In a recent OFCE working document, we have tried to capture these various commercial and monetary policy effects in a dynamic model of the euro zone. The result is that a positive fiscal impulse of 1 GDP point in Germany for three consecutive years (a plan involving 27.5 billion euros per year ) would boost growth in the euro zone by 0.2 point in the first year. This impact is certainly not negligible. However, this is due solely to the stimulation that would benefit German growth and not to spillovers to Germany’s European partners. Indeed, and as an example, the increase in Spain’s growth would be insignificant (0.03 point of growth in the first year). The weakness of the spillover effects can be explained simply by the moderate value of Germany’s fiscal multiplier . Indeed, the recent literature on multipliers suggests that they rise as the economy goes deeper into a slump. But based on the estimates of the output gap retained in our model, Germany is not in this situation, and indeed the multiplier has dropped to 0.5 according to the calibration of the multiplier effects selected for our simulations. For an increase in German growth of 0.5 percentage points, the effect of the stimulation on the rest of the euro zone is therefore low, and depends on Germany’s share of exports to Spain and the weight of Spanish exports in Spanish GDP. Ultimately, a German recovery would undoubtedly be good news for Germany, but the other euro zone countries may be disappointed, just as they undoubtedly will be from the implementation of the minimum wage, at least in the short term, as is suggested by Odile Chagny and Sabine Le Bayon in a recent post. We can also assume that in the longer term the German recovery would help to raise prices in Germany, thereby degrading competitiveness and providing an additional channel through which other countries in the euro zone could benefit from stronger growth.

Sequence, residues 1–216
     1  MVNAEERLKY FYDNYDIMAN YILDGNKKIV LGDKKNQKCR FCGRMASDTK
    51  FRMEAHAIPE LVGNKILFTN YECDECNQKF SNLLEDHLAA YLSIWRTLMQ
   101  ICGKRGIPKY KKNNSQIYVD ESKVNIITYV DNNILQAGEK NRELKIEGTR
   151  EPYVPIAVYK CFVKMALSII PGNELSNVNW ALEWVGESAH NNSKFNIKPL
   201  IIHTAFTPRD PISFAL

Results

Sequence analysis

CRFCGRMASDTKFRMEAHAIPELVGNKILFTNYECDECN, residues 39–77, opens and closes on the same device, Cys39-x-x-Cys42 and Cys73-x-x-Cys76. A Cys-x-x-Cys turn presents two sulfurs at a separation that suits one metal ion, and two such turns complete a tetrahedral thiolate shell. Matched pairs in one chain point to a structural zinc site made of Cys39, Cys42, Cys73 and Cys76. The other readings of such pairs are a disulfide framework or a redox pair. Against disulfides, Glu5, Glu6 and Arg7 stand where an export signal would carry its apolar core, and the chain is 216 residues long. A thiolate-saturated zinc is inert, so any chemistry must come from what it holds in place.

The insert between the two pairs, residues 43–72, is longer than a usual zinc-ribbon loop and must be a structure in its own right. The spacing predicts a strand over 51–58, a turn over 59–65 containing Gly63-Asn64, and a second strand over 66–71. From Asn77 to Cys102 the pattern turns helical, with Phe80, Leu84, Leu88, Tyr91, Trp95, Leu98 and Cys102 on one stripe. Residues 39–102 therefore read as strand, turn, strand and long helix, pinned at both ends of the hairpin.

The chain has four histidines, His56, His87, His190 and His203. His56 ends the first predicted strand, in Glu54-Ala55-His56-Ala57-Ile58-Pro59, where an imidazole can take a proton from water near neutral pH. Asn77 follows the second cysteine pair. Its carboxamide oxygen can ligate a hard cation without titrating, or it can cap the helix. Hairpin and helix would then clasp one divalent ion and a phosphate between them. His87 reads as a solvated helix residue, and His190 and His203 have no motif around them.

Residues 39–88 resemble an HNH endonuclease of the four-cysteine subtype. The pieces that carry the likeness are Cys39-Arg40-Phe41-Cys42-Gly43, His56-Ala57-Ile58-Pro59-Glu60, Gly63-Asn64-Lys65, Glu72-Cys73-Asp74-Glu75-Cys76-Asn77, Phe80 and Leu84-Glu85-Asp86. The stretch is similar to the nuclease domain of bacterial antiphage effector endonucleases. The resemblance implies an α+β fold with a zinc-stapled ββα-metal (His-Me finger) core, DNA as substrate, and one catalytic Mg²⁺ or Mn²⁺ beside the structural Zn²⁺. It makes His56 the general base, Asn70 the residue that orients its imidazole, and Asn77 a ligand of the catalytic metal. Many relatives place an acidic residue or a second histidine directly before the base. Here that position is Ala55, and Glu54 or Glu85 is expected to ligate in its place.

And what would happen if the same level of fiscal stimulus were applied not in Germany, but rather in Spain, where the output gap is more substantial? In fact, the simulation of an equivalent fiscal shock (27.5 billion euros a year for three years, or 2.6 points of Spanish GDP) in Spain would be much more beneficial for Spain but also for the euro zone. While in the case of a German stimulus, growth in the euro zone would increase by 0.2 percentage points over the first three years, it would increase by an average of 0.5 points per year for three years in the event of a stimulus implemented in Spain. These simulations suggest that if we are to boost growth in the euro zone, it would be best to do this in the countries with the largest output gap. It is more effective to spend public funds in Spain than in Germany.
In the absence of any relaxation of the fiscal constraints on Spain, a stimulus plan funded by a European loan, whose main beneficiaries would be the countries most heavily affected by the crisis, would undoubtedly be the best solution for finally putting the euro zone on a path towards a dynamic and sustainable recovery. The French and German discussions of an investment initiative are therefore welcome. Hopefully, they will lead to the adoption of an ambitious plan to boost growth in Europe.
 The measure is then compensated in a strictly equivalent way so that the shock amounts to a transient fiscal shock.
 Recall that the fiscal multiplier reflects the impact of fiscal policy on economic activity. Thus, for one GDP point of fiscal stimulus (or respectively, tightening), the level of activity increases (respectively, decreases) by k points.